Troy Auman tries to help people of all ages find more confidence not only in their bodies but in all parts of their lives.

Auman, owner and chief instructor at Evolution Training Center in Manhattan, has spent more than 20 years teaching martial arts and self defense skills. What started as a way for Auman to deal with bullying has evolved into a way to help people of all ages find the same confidence.

“We want them to be confident in themselves and their abilities,” Auman said. “That confidence does a lot for them in so many other ways. Learning to believe in yourself is huge.”

Auman has been studying martial arts since 1990. He’s a seventh-degree black belt who’s studied numerous styles, including taekwondo, krav maga, haganah, jiu-jitsu, judo, hapkido, tai chi and more methods of self defense. He said the center teaches skills with a focus on self defense. It offers youth martial arts classes, krav maga classes for teens and adults and fitness kickboxing classes.

“To me, it’s not the style that is important,” Auman said. “All styles have their benefit and their value. That’s why I’ve trained in so many.”

Auman started training in high school because he got bullied at school. The bullying affected his grades and ability to focus, so his mother suggested martial arts classes as a way to cope.

“I wanted to be able to feel more confident in my ability to deal with the bullies who picked on me,” he said.

Auman, 45, came to Manhattan to study at K-State and wanted to continue his training, so he enrolled at Evolution Training Center. While still in school, Auman ended up buying the center in 1997. He ran the school for the next two years while still pursuing his degree and working three part-time jobs, despite having almost no experience teaching martial arts.

“I didn’t know really how to teach well, didn’t really know how to run a business,” he said. “I kind of just had to figure things out. ... I had taught very little, maybe five times, and all of a sudden I was running a school.”

When Auman took over Evolution Training Center, it had about 15 students. Now, it has about 225.

Auman graduated from K-State in 1999 and found himself at a crossroads. He could keep running the school in Manhattan or begin his teaching career somewhere else. He applied for two jobs at schools in Manhattan, was offered both jobs, and made up his mind to stay in Manhattan.

“That was a sign for me that this was the right choice for me,” he said.

Auman retired from Manhattan Catholic Schools as an art teacher this summer after 22 years. He said that as an art teacher, his job was more about teaching the skill, but teaching martial allows more opportunities to teach life lessons alongside the skill. He said students can learn about discipline, confidence, planning ahead and persistence.

For example, Auman said he often makes the analogy to students that if they’re going on a trip, they don’t go on a vacation and then pack. Going through the movements requires them to consider which move comes next.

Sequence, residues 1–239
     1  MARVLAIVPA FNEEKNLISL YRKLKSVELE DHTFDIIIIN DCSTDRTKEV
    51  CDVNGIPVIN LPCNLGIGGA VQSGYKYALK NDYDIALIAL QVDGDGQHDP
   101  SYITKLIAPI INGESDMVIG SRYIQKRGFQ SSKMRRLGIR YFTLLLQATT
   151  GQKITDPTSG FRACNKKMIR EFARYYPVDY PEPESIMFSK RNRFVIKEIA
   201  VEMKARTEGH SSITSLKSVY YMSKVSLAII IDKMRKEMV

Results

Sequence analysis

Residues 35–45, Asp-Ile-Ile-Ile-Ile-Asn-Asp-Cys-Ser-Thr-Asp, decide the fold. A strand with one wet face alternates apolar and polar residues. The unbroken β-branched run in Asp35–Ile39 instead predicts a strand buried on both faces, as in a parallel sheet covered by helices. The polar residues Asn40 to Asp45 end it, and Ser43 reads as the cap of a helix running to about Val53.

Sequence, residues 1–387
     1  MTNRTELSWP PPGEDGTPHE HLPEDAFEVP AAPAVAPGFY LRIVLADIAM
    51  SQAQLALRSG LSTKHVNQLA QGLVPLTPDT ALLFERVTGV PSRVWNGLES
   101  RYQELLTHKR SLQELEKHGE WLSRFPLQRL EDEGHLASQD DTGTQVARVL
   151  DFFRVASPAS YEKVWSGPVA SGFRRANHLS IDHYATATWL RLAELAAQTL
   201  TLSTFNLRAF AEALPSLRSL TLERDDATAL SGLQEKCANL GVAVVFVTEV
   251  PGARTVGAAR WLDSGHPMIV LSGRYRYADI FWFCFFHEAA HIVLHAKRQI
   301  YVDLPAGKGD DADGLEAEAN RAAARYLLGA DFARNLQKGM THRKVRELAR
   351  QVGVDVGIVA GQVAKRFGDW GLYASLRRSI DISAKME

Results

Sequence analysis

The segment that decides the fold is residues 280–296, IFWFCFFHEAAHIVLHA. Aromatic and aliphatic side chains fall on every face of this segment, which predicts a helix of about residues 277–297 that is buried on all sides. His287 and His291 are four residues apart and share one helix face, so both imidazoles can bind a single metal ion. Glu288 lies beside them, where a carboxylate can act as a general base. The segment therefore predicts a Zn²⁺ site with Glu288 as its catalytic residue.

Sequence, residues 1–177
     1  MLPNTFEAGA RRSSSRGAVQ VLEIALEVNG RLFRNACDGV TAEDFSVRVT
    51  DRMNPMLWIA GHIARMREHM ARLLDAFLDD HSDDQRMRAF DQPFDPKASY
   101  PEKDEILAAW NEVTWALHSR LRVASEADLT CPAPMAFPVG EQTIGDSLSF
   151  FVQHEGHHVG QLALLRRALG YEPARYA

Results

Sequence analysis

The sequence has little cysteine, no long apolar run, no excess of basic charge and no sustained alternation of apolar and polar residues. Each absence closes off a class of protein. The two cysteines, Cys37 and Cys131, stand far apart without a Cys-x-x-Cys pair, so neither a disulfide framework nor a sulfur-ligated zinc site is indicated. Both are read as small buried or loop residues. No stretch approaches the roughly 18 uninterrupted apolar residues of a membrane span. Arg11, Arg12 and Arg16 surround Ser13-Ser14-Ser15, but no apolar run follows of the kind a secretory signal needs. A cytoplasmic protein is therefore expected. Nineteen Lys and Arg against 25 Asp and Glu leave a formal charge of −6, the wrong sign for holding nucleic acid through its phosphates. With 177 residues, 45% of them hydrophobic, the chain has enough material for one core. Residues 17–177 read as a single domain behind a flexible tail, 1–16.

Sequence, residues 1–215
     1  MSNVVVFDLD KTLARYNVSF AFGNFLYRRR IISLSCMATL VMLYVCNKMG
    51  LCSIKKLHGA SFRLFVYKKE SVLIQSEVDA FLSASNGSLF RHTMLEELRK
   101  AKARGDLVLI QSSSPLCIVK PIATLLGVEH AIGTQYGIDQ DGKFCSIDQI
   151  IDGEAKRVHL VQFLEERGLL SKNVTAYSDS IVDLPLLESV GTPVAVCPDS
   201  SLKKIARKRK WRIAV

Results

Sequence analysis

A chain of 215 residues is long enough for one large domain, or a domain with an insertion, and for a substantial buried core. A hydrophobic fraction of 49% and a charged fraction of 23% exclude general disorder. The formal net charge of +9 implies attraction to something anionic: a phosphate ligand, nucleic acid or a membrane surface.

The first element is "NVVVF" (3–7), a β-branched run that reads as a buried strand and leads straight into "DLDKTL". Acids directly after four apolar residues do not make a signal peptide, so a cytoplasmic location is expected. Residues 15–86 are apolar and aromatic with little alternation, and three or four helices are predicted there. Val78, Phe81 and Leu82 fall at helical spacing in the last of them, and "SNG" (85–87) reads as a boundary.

“Before I say go on the next section, you need to have your brain focused and thinking ahead, ‘What are we about to do?” Auman said.

Megan Rees takes classes at the studio for her own fitness, but both of her children are also enrolled in classes. She said the classes offer a nice mix of traditional forms with fun and energy and the expectations are high for all the students.

She said her two children have different personalities but both get something out of class.

“I have kind of a loud kid, and he learns that impulse control and discipline,” Rees said. “And then I have a kind of quiet girl, and it helps her to be a little more confident.”

Auman said martial arts attract many people who were a lot like he was when he started.

“I’m not naturally athletic,” he said. “I was that last kid picked in P.E. class.”

Many of his students, he said, are people who might not feel like they fit in some more traditional team or even individual sports. Practicing something that is an individual event and is not competitive in the same way other sports are allows them to thrive, Auman said.

“Your success and your failure is determined by you,” he said. “You’re not affecting other kids. You’re not getting that negative pressure if you’re not that star athlete.”

More than teaching the specific skills of martial arts, Auman wants to instill that discipline and confidence in his students so they can carry something with them far beyond when they leave his studio.

“I want the amount of time they are here with us to impact them for as long as possible,” “Even if they’re only with me for six months, I want it to impact them for six years, 16 years and beyond.”

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